A surge of bright and bouncy indie pop hits the ears as Cj Pandit’s debut EP ‘Just Before You Disappear’ gets underway, lighting up the room with arena-ready anthems that rise and fall in buoyant waves of effervescent sound.
for fans of The 1975, Walk the Moon, Pale Waves
Stream: “Bad Bad Fun” – Cj Pandit
I wanted to make a soundtrack to change that sounded like a Disney movie. That kind of thing you fall back in to for comfort, or the accompaniment to all your euphoric moments.
A surge of bright and bouncy indie pop hits the ears as CJ Pandit’s debut EP gets underway, lighting up the room with arena-ready anthems that rise and fall in buoyant waves of effervescent sound. Dynamic and dazzling, Just Before You Disappear offers fifteen minutes of electric delights as Leicester’s Cj Pandit makes a swift and lasting first impression.
I was with Jasmine, you were with your uni friends
They all knew we had previous, just a means to an end
But what if we were more than that,
maybe we should run it back
Shall we get a drink to take the edge off?
And find some comfort in the chaos..
I thought we’d moved on (then i heard you say)
I thought we’d moved on (that you think we’ve changed)
I thought we’d moved on (then i head you say)
I’m gonna lose myself tonight
With or without you by my side
– “Bad Bad Fun,” Cj Pandit
Released May 7, 2021 via Faction Records, Just Before You Disappear is a fresh dose of guitar pop charm.
Taking cues from the past ten years’ worth of evocative, emotionally resonant indie pop – from The 1975 and Walk the Moon to Pale Waves, LANY, Bad Suns, and The Neighbourhood – Cj Pandit rockets out of Leicester full of feeling and radiant energy.
“It feels like it’s been this rolling accompaniment to my life over the past two or three years,” Pandit says of his debut. “Something that’s always been there, being nurtured and changed and growing whilst I did the same. It’s places and moments in time. The stories behind the records are the stories from my life, and it’s been a bit of a whirlwind over the past few years. Euphoria, excess, moments of calm and serenity, and finding beauty in the mundanity and normality of our relationships and everyday lives. It feels kinda city-centric to me too, it’s half New York, a little bit London and a little bit of my hometown Leicester. It’s the story of being present in changes, new and ending relationships and the euphoria of those lost summers we all know too well.”
“The vision came alongside the title,” Pandit explains. “I wanted to make a soundtrack to change that sounded like a Disney movie. That kind of thing you fall back in to for comfort, or the accompaniment to all your euphoric moments. A lot of my experiences over the past couple of years have felt fleeting but incredibly powerful so I guess I wanted the music to represent something similar. [“Just Before You Disappear”] feels like the most succinct way to describe a gang of feelings that I couldn’t quite put my finger on. I think we all feel it at some point. You know a relationship is ending, and you’re kind of clinging but also watching it disappear and end in real time. I could really feel that intensely over a summer and ended up finding solace and comfort in the act of moving on, and disappearing, and being really present in the little moments that leave the most lasting impression. A kiss as you leave, a little insignificant gift that you still keep in your bag or little scar from an accident in the middle of a night out. These things fade but are always there to remind you of those changing times.”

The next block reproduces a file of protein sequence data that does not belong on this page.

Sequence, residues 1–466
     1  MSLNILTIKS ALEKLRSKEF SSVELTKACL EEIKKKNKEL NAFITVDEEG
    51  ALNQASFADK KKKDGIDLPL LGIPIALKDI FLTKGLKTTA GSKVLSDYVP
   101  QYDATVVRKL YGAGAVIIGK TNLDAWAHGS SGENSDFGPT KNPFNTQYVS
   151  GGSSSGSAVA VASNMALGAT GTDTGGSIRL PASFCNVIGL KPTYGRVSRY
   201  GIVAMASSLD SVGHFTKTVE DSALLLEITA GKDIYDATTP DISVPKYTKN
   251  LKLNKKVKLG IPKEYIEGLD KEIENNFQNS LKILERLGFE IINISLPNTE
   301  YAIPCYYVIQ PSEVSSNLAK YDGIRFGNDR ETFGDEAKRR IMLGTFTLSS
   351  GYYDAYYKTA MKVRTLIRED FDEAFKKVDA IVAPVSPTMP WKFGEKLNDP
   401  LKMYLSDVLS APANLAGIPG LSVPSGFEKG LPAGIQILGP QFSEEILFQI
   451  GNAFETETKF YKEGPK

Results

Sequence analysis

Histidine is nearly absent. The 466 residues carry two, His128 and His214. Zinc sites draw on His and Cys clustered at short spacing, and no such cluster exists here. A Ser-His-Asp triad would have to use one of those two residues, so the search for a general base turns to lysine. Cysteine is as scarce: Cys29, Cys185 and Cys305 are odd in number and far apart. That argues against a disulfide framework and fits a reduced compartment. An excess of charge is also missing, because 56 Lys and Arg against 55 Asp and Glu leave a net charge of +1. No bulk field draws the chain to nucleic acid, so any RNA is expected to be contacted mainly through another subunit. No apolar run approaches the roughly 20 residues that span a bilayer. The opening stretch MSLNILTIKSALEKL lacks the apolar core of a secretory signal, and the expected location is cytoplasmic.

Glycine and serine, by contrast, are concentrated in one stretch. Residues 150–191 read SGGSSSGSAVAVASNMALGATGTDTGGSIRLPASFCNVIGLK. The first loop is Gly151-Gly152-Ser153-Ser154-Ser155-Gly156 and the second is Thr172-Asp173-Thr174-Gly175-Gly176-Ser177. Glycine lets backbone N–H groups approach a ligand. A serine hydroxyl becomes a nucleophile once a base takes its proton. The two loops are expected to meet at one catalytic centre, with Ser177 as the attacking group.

I hope it’s an honest representation of me as a human being and an artist. Well, I know that it is, so I guess I’ve gotta wait to hear what people think to it and how it fits in to their lives.
Big melodies and cinematic production gives Just Before You Leave a larger-than-life presence, yet its songs are quite intimate and vulnerable – each a reflective slice of life, relationships, connection, and so on.
“I kind of idolize Leonard Cohen’s specificity, and it’s something I’ve always tried to craft my own little isms into the music,” Pandit says. “I think the lyrics in ‘Drunk Tattoos’ about someone taking an Uber just to kiss me is silly and funny and pretty great, they make me smile. The New York Time lyrics feel incredibly special to me because they seemed to be plucked out of the ether and really helped me confront things and rationalize a situation I had no idea how to control.”
While it’s hard to choose a favorite Pandit cites EP closer “New York Time” as one of his personal highlights. “It genuinely depends on how I’m feeling, but I haven’t really listened to it since it got finished, it’s not mine anymore after it’s done I don’t think. BUT if you had a gun to my head I’d have to say ‘New York Time’, just for how it helped me climb out of an incredibly dark time. I don’t think you can fake that or force a song like that to come out of you. It just happens.”
A particularly wistful balance of tenderness and turbulence, “New York Time” is actually the EP’s softest song – a nuanced self-reflection that leans more into the traditional singer/songwriter realm than it does the indie pop world. Pandit reflects on a moment stuck in his mind’s eye; bringing his audience back there with him, he rises and falls gracefully alongside impassioned acoustics – his emotional voice leading the charge into memory’s endless depths.
When I had nothing to say
You were a time and a place inside my head
Then something you said
whilst reading the lines on my palm
Piano’s bar and Tarot Cards
and walking for 45’s fine
I’m stuck on a New York Time
Can I find, Can I find, Can I find, Can I find
Ways to cry, ways to cry, ways to cry,